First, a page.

Op-Ed: Anti-apartheid divestment built a movement of people. That’s what the climate crisis needs

A black-and-white photo of people at an anti-apartheid protest at Harvard in 1978.
Demonstrators march at Harvard in 1978 against the Harvard Corp.’s refusal to divest from stocks in companies operating in South Africa.

The environmental activist and writer Bill McKibben estimates that the movement to pressure institutions to stop investing in and profiting from carbon-emitting industries has resulted in institutions pledging to pull $15 trillion in investments from polluting companies.

That’s an incredible achievement in just one decade. However, climate divestment’s increasing visibility has also cultivated an audience of detractors. Some opponents claim that divestment cannot meaningfully change the demand for fossil fuels — and in fact, lowering share prices can make those companies attractive to less ethical investors. Going a step further, such critics claim that divestment’s economic harm to companies has always been minimal — even in apartheid-era South Africa, where divestment as a tactic was born.

But measuring divestment’s success solely on its financial impacts is a mistake. Divestment’s true power is the ability to change minds and mobilize action, with effects that reach far beyond targeted investors and companies.


What happened in South Africa shows why. From 1960 through the 1980s, anti-apartheid activists were unable to persuade governments to push back against South Africa’s oppressive racial laws. American presidents, for example, were loath to act because South Africa was an important ally and regional policeman during the Cold War. And so activists in the United States and elsewhere turned to divestment to undermine apartheid, refusing to invest in companies that did business in South Africa.

But divestment was not seen as a way to hurt the South African economy, or even to punish U.S. companies. In 1966, minister and activist George M. Houser, who helped found the American Committee on Africa (ACOA), a group dedicated to opposing colonialism in Africa, wrote a strategy paper advocating what he called “disengagement”— both withdrawing existing investments and prohibiting new ones.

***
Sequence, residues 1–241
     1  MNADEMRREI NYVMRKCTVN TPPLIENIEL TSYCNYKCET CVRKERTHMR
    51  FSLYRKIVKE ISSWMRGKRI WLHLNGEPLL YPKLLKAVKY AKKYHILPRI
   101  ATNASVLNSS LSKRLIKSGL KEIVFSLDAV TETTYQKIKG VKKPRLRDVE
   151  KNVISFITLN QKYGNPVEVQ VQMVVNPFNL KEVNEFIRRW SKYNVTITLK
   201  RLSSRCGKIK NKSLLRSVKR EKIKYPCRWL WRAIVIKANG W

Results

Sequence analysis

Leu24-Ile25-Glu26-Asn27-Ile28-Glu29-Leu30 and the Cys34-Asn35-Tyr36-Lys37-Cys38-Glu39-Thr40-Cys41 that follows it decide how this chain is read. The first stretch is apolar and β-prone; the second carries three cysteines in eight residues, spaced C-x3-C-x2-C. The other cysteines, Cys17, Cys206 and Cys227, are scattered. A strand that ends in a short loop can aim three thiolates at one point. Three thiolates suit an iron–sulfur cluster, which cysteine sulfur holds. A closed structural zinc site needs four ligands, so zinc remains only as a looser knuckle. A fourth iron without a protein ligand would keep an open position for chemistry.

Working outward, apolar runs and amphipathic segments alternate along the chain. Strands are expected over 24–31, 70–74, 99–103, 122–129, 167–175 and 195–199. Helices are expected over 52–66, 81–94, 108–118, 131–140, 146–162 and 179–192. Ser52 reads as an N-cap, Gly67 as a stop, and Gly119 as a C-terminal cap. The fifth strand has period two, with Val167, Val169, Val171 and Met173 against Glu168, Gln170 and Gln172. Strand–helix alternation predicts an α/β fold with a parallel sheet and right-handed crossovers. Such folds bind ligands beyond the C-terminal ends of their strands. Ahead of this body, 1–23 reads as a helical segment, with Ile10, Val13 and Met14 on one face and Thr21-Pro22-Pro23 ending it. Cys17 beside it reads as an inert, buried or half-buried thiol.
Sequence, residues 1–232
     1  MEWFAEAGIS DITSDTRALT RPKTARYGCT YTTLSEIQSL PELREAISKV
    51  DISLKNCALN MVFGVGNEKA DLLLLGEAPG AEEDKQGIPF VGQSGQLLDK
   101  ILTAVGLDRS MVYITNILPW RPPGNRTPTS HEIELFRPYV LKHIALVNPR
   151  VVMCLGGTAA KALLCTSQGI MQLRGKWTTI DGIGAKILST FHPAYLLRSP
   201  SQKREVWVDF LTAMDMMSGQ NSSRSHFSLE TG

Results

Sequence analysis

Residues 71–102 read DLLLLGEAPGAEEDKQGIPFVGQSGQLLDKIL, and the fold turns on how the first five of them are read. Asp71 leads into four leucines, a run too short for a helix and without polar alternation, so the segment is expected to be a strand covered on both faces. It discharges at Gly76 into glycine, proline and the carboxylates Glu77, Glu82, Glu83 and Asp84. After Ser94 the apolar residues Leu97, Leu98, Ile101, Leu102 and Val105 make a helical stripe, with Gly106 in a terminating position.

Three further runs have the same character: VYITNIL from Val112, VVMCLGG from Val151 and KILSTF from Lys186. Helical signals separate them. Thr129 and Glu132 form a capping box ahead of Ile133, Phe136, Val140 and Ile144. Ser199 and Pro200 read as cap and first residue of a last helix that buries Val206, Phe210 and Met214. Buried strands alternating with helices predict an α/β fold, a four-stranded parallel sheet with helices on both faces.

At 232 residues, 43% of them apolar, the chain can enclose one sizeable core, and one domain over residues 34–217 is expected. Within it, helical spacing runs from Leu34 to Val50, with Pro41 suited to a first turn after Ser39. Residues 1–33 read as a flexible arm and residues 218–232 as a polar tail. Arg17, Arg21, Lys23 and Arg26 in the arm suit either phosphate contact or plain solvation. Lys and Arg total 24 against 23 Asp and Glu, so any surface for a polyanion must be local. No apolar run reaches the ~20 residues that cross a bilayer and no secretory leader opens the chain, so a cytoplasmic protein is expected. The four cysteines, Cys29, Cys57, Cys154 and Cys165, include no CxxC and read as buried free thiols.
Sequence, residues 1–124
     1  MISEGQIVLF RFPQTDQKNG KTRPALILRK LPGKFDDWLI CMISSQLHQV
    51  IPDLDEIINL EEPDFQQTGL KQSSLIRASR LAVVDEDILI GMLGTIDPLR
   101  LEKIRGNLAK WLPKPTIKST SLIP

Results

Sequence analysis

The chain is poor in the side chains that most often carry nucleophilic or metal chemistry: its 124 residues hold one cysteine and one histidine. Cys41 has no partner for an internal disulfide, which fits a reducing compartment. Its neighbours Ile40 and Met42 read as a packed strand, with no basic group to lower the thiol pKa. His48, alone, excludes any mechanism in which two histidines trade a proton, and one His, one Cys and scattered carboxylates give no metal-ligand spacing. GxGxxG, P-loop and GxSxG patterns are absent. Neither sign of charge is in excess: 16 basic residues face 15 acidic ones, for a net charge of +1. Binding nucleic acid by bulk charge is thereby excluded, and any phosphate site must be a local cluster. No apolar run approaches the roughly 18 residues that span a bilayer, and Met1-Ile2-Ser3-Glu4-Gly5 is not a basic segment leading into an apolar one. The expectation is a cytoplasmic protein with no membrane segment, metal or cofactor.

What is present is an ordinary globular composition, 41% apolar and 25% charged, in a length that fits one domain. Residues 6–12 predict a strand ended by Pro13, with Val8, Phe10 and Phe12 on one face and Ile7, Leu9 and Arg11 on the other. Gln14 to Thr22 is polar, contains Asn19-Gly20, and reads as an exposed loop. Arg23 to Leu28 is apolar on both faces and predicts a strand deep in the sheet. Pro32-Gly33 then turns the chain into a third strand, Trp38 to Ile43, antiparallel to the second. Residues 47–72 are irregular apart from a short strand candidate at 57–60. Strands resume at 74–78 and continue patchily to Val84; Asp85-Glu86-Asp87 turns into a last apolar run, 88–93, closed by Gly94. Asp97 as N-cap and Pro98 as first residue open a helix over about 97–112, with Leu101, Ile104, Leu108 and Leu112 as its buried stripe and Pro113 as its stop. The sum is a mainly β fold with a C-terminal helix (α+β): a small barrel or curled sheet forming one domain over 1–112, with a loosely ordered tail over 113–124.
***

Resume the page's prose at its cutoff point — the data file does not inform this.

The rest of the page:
Protesters and signs outside a building.
Anti-apartheid protesters block building entrances at UC Berkeley in 1986.
(Catharine Krueger / Associated Press)

At the time, ACOA was working with other groups to boycott Chase Bank (then known as Chase Manhattan Bank) because of its policy of lending to South Africa. “This campaign is not based upon the thesis that even if all of the economic power of the United States was brought to bear … the architects of apartheid would feel they had to accept new policies,” wrote Houser. Rather, he argued that disengagement “would materially affect the outlook of many other powerful countries.” Houser’s model was the strategy that became divestment and, in many ways, continues to guide the movement today.

Initially, the tactic targeted specific companies and financial institutions engaging in high-profile projects in South Africa. Polaroid was targeted in 1970 for selling photographic equipment used to produce the hated passbooks that helped control the movement of people in South Africa. Then, in the mid-1970s, activists began to pressure city and state governments to remove investments from companies working in South Africa.

Divestment gained steam with small victories at Hampshire College in 1977 and the University of Wisconsin in 1978. Within a decade, as companies found themselves constantly under criticism for their presence in South Africa, divestments multiplied and some companies withdrew.